This is a great way to “lure” younger adults to engage with seniors. It’s potentially a bit gimmicky, but the rewards of giving back to your community, and the enrichment of people of both ages, is just phenomenal.
A nursing home in the Netherlands allows university students to live rent-free alongside the elderly residents, as part of a project aimed at warding off the negative effects of aging.
In exchange for small, rent-free apartments, the Humanitas retirement home in Deventer, Netherlands, requires students to spend at least 30 hours per month acting as “good neighbors,” Humanitas head Gea Sijpkes said in an email to PBS NewsHour.
Officials at the nursing home say students do a variety of activities with the older residents, including watching sports, celebrating birthdays and, perhaps most importantly, offer company when seniors fall ill, which helps stave off feelings of disconnectedness.
Both social isolation and loneliness in older men and women are associated with increased mortality, according to a 2012 report by the National Academy of Sciences of the United States of America.
“The students bring the outside world in, there is lots of warmth in the contact,” Sijpkes said.
One study found that 50 year olds with a negative outlook on life lived seven years shorter than those with a positive outlook.
What’s interesting is that more than avoiding stress it seems more important to have the ability to bounce back from it. So healthy coping mechanisms for handling stress, as well as a good attitude about life, seems to be more important than nutrition and exercise.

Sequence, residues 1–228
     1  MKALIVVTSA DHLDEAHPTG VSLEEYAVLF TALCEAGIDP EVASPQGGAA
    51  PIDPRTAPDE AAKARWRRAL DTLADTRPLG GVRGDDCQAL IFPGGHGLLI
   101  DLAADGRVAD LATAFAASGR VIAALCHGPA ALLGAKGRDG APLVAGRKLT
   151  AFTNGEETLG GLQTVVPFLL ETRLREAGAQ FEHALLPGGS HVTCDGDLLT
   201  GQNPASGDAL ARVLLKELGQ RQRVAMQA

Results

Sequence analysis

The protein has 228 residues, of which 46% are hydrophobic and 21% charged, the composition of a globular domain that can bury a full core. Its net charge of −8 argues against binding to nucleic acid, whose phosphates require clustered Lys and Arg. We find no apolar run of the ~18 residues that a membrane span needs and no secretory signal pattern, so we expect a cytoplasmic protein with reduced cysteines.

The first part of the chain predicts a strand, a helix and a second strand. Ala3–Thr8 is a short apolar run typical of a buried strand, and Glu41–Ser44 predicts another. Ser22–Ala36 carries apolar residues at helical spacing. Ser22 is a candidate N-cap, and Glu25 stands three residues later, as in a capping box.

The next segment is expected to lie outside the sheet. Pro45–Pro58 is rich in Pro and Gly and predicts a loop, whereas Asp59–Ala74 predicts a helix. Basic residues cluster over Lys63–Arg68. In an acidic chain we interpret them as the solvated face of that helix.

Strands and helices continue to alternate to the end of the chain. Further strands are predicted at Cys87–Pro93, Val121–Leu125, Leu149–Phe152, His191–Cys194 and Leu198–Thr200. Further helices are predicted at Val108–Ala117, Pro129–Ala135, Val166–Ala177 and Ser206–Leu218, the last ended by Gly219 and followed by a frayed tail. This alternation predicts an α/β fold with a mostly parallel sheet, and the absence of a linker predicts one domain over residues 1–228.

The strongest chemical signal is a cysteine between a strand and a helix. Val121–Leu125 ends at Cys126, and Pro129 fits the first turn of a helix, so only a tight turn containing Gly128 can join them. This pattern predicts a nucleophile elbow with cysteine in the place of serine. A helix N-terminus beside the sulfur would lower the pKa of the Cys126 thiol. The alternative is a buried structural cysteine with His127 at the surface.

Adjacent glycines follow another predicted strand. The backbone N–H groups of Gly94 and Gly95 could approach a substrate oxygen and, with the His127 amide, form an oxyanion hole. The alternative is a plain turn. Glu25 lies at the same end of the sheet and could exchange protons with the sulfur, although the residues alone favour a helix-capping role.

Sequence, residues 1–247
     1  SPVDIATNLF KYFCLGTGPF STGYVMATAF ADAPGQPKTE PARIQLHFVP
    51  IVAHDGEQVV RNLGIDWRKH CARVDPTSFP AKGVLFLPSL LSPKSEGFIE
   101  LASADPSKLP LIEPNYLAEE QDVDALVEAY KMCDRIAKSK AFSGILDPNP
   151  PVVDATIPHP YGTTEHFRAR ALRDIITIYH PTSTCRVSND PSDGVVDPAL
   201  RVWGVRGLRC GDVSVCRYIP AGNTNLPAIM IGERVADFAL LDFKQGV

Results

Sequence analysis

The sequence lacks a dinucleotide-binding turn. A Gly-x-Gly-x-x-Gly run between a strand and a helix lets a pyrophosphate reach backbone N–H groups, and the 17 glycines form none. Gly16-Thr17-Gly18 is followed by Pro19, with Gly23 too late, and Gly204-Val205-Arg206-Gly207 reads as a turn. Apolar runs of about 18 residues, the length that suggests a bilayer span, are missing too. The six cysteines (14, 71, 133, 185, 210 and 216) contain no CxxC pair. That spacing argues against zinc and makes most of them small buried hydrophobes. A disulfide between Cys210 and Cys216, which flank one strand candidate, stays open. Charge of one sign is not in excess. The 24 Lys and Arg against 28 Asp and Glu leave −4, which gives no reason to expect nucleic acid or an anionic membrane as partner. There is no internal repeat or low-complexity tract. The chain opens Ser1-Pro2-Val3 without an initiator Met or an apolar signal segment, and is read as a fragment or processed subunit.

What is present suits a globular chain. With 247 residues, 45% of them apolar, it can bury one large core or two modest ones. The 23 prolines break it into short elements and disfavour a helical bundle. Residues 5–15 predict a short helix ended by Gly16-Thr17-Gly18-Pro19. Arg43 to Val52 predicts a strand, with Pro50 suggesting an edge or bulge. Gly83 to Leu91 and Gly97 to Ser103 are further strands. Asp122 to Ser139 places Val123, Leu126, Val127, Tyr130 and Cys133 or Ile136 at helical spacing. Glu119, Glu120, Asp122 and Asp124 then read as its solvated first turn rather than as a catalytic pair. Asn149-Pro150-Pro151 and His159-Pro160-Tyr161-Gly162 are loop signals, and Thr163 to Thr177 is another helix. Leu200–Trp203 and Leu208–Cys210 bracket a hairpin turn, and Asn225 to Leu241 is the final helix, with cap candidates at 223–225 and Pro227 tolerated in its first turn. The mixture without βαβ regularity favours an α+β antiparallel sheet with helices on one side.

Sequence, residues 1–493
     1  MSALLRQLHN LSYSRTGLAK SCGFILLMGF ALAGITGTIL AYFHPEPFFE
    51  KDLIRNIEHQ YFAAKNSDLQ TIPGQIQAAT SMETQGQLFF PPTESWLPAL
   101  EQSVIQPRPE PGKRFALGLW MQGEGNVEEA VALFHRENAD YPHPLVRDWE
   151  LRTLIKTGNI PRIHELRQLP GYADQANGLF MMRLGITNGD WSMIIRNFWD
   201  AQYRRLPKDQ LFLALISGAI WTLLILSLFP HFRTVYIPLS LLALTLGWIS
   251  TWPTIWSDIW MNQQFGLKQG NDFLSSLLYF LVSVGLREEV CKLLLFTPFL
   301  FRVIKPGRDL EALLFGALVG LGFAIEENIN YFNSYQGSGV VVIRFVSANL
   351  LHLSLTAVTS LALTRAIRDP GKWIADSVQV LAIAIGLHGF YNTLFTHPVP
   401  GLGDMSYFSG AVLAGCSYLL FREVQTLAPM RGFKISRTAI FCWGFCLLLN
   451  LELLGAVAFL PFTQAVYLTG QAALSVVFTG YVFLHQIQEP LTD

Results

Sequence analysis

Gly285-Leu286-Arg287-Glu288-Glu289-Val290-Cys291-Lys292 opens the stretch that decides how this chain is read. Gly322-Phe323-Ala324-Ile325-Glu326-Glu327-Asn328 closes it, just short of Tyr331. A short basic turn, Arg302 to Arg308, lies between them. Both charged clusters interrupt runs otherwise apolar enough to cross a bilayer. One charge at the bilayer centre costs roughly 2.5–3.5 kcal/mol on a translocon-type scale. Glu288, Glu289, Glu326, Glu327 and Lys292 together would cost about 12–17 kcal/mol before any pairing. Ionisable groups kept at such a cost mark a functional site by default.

My grandma and I had a pact that we’d both do our best to live to be 100. She died at 85 after a long, happy life, married to her best friend since 1st grade. Go Mommo! But I’m still in the running, so I’m always interested in how Centenarians live it up. And it seems to boil down to two things: luck, and keeping a good attitude about life.
Israeli physician Nir Barzilai and his staff at the Institute for Aging Research at the Albert Einstein College of Medicine in New York have asked hundreds of centenarians hundreds of questions, including details of their living circumstances, nutrition, alcohol consumption, smoking, physical activity, sleep, education, status, and spirituality — all in the hope of finding commonalities.
The results are sobering: “There is no pattern,” says Barzilai, 54. “The usual recommendations for a healthy life — not smoking, not drinking, plenty of exercise, a well-balanced diet, keeping your weight down — they apply to us average people, but not to them. Centenarians are in a class of their own.” He pulls spreadsheets out of a drawer, adjusts his glasses, and reads aloud: “At the age of 70, a total of 37 percent of our subjects were, according to their own statements, overweight; 37 percent were smokers, on average for 31 years; 44 percent said that they exercised only moderately; 20 percent never exercised.”
The women in my family tend to live a long time, although I don’t think anyone has made it to 100 yet. What is your family’s pattern for longevity? Were people healthy right before they died, or did they linger with illness?
If I DID want to make friends, though, apparently learning magic tricks is just as effective as taking sociability courses, and sounds much more entertaining. It helped kids in the U.K., and that’s even with their parents being scaredy-parents and not trusting their kids (okay, the article is U.S. parents, but you get the idea).
If I wanted to cheer myself up, I would react differently to happy events depending on how old I am. Or I could just go dig in the dirt; they say it’s like prozac. In fact, I think I’ll go do that right now.